Take some time to think about your mathematics lessons. Are your students engaged? Are your students motivated? Do you use effective questioning? Do you have high but realistic goals for your students?
You should always start a mathematics lesson by sharing the learning intentions in a way your students will understand. You should also tell your students how they can achieve those learning intentions.
A mathematics lesson should consist of the following (Monteleone, 2012)):
1. Counting (10 mins)
Every mathematics lesson should begin with a counting activity. Be creative and change the activities often. You might like to set up five different activities for the week and each group completes one activity each day. The aim is to get your students counting in fun and interactive ways. There are also many websites that you can use, such as:
2. Warm Up- Mental Computation (10 mins)
Following the counting activity, should be a warm up which motivates the students to begin mathematics. Ideally the warm up should include 2-3 activities which refer to a previous topic, today’s topic and the next topic in mathematics. The warm up activities are endless, including: songs, big books, poems, CDs, DVDs, movements e.g. getting the students to physically make a shape or get into groups of 4, flash cards, guess a number game, mystery bag and IWB files.
3. Whole Class Teaching – Explicit Teaching (10 mins)
This is where the teacher may introduce or revisit a concept via modelling or jointly work through a process with the students. The teacher needs to prompt, question and support the students as they reinforce, modify and extend their skills and understanding.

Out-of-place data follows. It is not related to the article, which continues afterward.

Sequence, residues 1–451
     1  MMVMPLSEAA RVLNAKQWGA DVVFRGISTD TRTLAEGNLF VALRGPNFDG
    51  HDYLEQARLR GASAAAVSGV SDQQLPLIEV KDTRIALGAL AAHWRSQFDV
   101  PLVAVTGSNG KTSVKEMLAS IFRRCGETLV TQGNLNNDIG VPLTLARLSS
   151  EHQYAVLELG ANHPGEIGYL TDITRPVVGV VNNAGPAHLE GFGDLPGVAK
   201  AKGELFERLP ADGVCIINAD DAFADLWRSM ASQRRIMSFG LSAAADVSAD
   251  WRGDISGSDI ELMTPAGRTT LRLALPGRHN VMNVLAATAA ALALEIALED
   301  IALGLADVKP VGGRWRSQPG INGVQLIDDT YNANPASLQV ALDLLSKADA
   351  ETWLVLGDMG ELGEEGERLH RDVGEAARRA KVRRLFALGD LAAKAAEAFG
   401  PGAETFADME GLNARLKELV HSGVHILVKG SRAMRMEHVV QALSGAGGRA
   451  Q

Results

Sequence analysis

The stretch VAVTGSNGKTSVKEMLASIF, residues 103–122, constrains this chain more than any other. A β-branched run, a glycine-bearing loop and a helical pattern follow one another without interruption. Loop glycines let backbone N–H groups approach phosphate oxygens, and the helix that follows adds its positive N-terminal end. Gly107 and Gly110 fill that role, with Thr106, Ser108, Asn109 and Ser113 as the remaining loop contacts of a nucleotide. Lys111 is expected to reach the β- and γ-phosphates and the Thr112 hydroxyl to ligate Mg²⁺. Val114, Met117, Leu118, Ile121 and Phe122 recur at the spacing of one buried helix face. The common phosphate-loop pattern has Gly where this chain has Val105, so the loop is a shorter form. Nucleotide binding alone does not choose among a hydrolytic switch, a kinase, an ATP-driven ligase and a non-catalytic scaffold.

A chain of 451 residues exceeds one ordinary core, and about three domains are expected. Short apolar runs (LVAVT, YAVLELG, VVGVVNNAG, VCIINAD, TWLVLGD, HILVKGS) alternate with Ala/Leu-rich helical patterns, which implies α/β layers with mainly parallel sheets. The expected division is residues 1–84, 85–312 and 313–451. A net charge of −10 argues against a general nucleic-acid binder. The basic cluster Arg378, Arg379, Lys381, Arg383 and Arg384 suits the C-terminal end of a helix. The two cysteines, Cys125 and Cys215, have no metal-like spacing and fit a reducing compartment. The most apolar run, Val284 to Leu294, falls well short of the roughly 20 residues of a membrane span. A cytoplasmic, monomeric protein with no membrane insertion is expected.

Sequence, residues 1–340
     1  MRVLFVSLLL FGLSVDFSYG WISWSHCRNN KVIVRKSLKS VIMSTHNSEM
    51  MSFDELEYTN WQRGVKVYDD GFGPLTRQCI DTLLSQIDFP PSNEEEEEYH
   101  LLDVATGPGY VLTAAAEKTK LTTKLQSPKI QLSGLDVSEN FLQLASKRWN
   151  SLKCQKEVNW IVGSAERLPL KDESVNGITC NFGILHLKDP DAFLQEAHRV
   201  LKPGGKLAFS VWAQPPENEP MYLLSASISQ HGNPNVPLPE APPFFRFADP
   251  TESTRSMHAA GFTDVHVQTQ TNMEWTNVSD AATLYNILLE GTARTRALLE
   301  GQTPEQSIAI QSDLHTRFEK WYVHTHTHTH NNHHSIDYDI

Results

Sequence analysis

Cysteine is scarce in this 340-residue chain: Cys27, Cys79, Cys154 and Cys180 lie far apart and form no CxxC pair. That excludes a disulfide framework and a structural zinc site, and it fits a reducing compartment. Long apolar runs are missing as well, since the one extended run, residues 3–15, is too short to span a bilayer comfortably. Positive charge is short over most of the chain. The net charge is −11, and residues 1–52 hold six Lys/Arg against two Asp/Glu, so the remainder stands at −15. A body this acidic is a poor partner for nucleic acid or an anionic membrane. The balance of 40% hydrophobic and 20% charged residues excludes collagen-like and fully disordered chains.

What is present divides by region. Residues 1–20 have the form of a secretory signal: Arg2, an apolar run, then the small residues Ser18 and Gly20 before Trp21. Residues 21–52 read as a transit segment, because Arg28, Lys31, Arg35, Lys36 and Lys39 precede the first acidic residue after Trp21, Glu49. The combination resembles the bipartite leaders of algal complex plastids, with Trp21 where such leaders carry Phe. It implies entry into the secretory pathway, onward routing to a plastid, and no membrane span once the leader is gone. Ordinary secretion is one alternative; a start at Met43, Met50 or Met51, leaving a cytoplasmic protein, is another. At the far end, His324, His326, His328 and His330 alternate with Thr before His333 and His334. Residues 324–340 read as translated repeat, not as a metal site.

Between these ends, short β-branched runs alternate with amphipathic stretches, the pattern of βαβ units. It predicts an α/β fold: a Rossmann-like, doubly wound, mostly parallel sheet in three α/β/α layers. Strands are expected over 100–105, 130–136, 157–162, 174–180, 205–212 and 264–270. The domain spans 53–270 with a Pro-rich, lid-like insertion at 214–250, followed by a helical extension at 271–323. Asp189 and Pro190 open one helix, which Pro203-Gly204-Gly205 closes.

4. Group Work – Modelled, Guided, Independent
Modelled – This is when the teacher introduces the learning experience, demonstrates effective strategies and is explicit about the mathematics to be focussed on this lesson, while the students observe, model the strategies for themselves and explain their workings.
Guided Maths – This is where the teacher guides a small group of students as they think, talk and work their way through a mathematical experience. The teacher then provides a brief introduction and the students have an opportunity to choose strategies and materials they will use. The teacher poses questions to the students to determine their concept development and misunderstandings.
Independent Maths – This follows a guided maths session where students work individually or in groups with the teacher prompting and helping each student when needed. Students engage in independent mathematics directly related to the work they were doing in their small teaching group.
5. Reflection (10 mins)
The last ten minutes of the lesson should be dedicated to reflection which allows the students to consolidate their learning. The teacher needs to:
- emphasise connections
- encourage sharing of strategies
- make the mathematics explicit
- raise challenges
- promote a language to talk about mathematics
- encourage students to reflect on what they have learned and how they learned and what assisted them in their learning
Students may write in a journal or their mathematics books, the class may have a discussion or the students may answer questions or finish sentences such as ‘today I was a mathematician because…’, ‘in mathematics, I enjoyed…’ or ‘today in mathematics I found it difficult/easy to…’.
Below are two useful mathematics documents you might like to look at (click on them to make them larger).